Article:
Curtis Granderson retires; his connection to Detroit Tigers fans never wavered
The very first image I have of Curtis Granderson is one of a fresh rookie going through his pregame sprints before a September 2004 game against the White Sox.
In just his second career major league game, Granderson — playing in front of family and friends in his hometown of Chicago — was already showing his comfort in front of the camera.
Back then, with the Detroit Tigers heading toward a 90-loss season, one year removed from losing an American League-record 119 games, prospect debuts were all the rage.
Less than a year later, Justin Verlander made his debut. The next season, one of the most important teams in Tigers history began a magical run in 2006, which planted the seeds for the most prosperous stretch in franchise history.
Granderson, who turns 39 in March, announced his retirement Friday after an outstanding 16-year career. He stood the test of time as one of the most recognizable faces from that era.
He was a great player and is a great guy. He could hit, and his long, lanky body and big strides made him a perfect center fielder at Comerica Park. When he left the Tigers after the 2009 season, he tapped into his power stroke.
Granderson could fix cameras, too.
Flashback to last season:Curtis Granderson returns with Marlins in May 2019
After the 2006 season, a friend and I scored admittance to a Detroit sports awards ceremony at Cobo Hall, with names like Mike Furrey and Kevin Jones of the Lions, former Piston Rick Mahorn, and Tigers Carlos Guillen and Granderson in attendance.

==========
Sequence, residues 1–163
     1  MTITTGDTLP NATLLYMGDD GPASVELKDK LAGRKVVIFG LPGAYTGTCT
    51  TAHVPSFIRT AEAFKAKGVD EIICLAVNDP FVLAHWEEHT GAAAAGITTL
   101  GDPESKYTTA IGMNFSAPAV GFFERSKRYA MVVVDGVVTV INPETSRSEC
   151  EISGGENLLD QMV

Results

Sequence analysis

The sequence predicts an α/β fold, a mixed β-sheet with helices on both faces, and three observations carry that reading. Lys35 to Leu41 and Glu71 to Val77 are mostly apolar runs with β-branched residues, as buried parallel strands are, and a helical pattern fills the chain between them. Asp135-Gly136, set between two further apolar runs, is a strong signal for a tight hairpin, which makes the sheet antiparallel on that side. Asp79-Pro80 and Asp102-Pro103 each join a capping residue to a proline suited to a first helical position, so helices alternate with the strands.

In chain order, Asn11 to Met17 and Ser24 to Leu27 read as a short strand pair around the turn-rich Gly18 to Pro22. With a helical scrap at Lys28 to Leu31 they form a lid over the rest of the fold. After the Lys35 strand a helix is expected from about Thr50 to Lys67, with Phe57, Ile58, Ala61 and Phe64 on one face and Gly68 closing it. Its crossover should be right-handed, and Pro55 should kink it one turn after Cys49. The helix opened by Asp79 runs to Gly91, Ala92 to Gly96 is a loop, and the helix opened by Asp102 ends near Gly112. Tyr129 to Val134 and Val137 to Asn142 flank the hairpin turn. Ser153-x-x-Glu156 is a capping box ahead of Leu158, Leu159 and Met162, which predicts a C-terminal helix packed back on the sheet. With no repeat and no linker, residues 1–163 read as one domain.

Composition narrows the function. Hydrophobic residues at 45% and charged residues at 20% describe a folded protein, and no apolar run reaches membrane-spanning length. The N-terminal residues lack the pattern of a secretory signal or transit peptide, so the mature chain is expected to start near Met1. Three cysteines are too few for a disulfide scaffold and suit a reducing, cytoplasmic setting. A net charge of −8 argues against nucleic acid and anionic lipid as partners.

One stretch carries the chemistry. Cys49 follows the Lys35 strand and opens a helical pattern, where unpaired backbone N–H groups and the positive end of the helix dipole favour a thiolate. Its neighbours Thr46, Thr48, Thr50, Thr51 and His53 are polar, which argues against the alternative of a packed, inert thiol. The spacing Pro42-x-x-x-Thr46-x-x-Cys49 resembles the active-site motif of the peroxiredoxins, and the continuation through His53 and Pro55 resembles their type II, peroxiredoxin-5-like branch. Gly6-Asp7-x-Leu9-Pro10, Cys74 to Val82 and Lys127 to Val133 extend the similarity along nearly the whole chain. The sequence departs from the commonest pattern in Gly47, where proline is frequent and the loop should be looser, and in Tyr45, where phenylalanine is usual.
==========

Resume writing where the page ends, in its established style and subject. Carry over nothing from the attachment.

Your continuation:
Walking around the lobby snapping pictures, I realized the camera’s focus was off. Everyone was coming out blurry, including a shot of Granderson and my friend.
He took the camera, fidgeted with a few buttons and the next thing you know, the camera was fixed.
Consider it the special touch, which was obvious in how he connected with Tigers fans and other fan bases in his six other stops around baseball. Granderson, the team’s best homegrown hitting product of the 2000s — he was drafted out of Illinois-Chicago in the third round in 2002 — made himself the consistent friendly face of those teams.
Other Tigers would eventually dwarf him in status, with Verlander climbing the ladder and Miguel Cabrera coming aboard in 2008, but neither could connect with Detroiters the way Granderson could.
You remember where you were with some of Granderson’s moments: in stolen seats for his walk-off against the Reds in 2006; along the first base line in a standing-room only section when he robbed Willy Mo Pena of that home run in left-center field in 2007; sitting in a basement at college when he secured one of Verlander’s shutouts with an incredible leaping catch against Grady Sizemore and the hated Indians in 2009.
But for as much as we’ll remember Granderson for those moments, it was the man behind them that made him so lovable.
At a time in which baseball has been dominated by the Astros’ sign-stealing scandal, putting the biggest black eye on the game since the PED scandal of the early 2000s, the sport surely could use another player like Granderson. A player you could trust, a player with likable traits both on and off the field.
For as many teams as Granderson played for — bouncing around in his later years as a coveted postseason piece on teams such as the Dodgers and Brewers, breaking out in earnest with the Yankees and Mets before that — he will go into the proverbial Hall of Fame of Very Good Baseball Players with a Tigers cap on.
And for all of the images he gave us, the one I’ll remember the most was a TV interview with Jim Rome heading into the 2009 World Baseball Classic.
Granderson played for the United States team that year. Dressed in his Team USA gear, he finished the interview by saying: “I have Team USA on now, Jim, but you know I’m always a Detroit Tiger at heart.”
And Tigers fans will be forever grateful he is.